SRINAGAR Police arrested a top separatist leader Wednesday for rallying massive anti-India protests that have rocked the Indian-administered Kashmir for months, and supporters reacted by staging fresh demonstrations and hurling stones at troops.
The arrest of Kashmiri separatist leader Syed Ali Shah Geelani, 82, at his residence in Srinagar, the regions main city, came days after he laid out stiff conditions for peace talks with the Indian government.
The mostly Muslim Himalayan region has been roiled by anti-government demonstrations and clashes between protesters and government forces for the past three months. At least 69 people, mostly teenage boys and young men in their 20s, have been killed in the civil unrest against rule by predominantly Hindu India.
Police Inspector-General Shiv Murari Sahai said officers arrested Geelani for causing breach of peace in the region.
The news of his arrest triggered fresh protests as scores of young men defied a curfew in a neighbourhood in Srinagar and threw stones at government forces.
Police and paramilitary soldiers fired tear gas to quell the protesters, said a police officer on condition of anonymity as he was not authorised to speak with media. No injuries were reported.
Anti-India sentiment runs deep in Kashmir, which is divided between India and Pakistan, and claimed by both in its entirety. Protesters reject Indian sovereignty over Kashmir and want independence or a merger with predominantly Muslim Pakistan.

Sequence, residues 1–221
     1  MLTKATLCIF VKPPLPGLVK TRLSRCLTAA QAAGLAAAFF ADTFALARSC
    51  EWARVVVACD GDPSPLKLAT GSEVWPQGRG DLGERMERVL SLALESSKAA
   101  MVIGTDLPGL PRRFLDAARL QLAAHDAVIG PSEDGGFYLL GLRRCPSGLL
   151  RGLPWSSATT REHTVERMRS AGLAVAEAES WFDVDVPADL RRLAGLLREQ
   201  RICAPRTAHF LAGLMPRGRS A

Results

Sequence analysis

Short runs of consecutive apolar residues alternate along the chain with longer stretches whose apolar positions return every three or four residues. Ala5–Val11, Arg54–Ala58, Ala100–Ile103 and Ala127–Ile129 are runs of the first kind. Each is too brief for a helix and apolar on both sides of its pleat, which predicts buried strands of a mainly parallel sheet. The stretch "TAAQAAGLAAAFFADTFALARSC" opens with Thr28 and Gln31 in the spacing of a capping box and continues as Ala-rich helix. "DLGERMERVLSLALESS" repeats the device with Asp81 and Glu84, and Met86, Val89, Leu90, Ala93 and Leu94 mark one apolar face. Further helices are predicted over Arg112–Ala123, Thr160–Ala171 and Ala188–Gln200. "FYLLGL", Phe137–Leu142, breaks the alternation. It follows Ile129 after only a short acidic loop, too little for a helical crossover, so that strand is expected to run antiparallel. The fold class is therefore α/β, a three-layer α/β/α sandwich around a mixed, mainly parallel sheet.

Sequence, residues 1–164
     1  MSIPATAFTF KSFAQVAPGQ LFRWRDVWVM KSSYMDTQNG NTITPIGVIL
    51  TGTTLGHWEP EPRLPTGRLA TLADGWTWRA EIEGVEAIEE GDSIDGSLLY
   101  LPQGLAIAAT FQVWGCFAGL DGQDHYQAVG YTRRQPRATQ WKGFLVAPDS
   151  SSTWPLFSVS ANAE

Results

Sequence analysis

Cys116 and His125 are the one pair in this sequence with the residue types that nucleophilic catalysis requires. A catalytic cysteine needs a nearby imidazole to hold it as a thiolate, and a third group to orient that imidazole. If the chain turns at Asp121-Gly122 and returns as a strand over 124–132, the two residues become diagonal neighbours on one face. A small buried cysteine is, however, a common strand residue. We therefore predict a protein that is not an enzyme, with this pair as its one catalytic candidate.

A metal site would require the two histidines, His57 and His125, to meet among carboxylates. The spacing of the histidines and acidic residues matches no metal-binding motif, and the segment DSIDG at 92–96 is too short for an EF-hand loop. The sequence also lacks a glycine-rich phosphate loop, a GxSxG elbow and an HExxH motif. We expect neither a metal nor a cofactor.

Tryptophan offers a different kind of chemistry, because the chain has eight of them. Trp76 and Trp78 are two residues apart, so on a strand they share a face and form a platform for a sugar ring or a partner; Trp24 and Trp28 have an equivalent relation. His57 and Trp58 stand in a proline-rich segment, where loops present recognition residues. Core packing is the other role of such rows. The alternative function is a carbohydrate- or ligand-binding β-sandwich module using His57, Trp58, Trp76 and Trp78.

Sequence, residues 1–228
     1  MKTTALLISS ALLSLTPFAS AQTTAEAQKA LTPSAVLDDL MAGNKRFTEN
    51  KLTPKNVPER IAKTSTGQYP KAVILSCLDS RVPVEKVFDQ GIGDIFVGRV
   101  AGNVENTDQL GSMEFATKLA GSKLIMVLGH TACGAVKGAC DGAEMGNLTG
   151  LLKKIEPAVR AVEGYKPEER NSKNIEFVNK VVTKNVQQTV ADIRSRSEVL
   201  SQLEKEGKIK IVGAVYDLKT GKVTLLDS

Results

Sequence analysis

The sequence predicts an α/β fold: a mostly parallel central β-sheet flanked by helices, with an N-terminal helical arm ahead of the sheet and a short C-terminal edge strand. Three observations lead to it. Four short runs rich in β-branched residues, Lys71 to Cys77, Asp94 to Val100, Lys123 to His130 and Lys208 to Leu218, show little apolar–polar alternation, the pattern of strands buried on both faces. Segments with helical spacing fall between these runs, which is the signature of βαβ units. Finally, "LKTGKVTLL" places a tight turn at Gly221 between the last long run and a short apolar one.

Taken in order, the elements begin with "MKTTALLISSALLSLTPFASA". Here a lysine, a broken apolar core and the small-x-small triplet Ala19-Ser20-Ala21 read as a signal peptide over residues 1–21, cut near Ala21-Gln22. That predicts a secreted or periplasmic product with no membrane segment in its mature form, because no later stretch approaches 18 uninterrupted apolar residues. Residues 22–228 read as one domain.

Last week, Geelani demanded that India accept Kashmir as a disputed territory, withdraw hundreds of thousands of troops from the region and release all political prisoners as a precondition for peace talks.
Otherwise, the protests would be intensified, warned Geelani, a key leader of the All Parties Hurriyat Conference, a conglomerate of separatist groups espousing nonviolent means rather than insurgency.
There was no response from the Indian government to Geelanis demand.
India has fought two wars with neighbouring Pakistan over control of the region since the archrivals won independence from Britain in 1947.
On Wednesday, the streets of Srinagar and other towns were deserted as armed troops in riot gear enforced a rigid curfew for a second straight day.
Armoured vehicles patrolled the streets and government forces used steel and barbed wire barricades to seal off public squares and neighbourhoods in Srinagar.
Security was further tightened after clashes between government forces and protesters in Srinagar and half a dozen towns and villages injured at least 13 people late Tuesday, a police officer said.
The recent unrest in Indian-administered Kashmir is reminiscent of the late 1980s, when protests against New Delhis rule sparked an armed conflict that has so far killed more than 68,000 people, mostly civilians.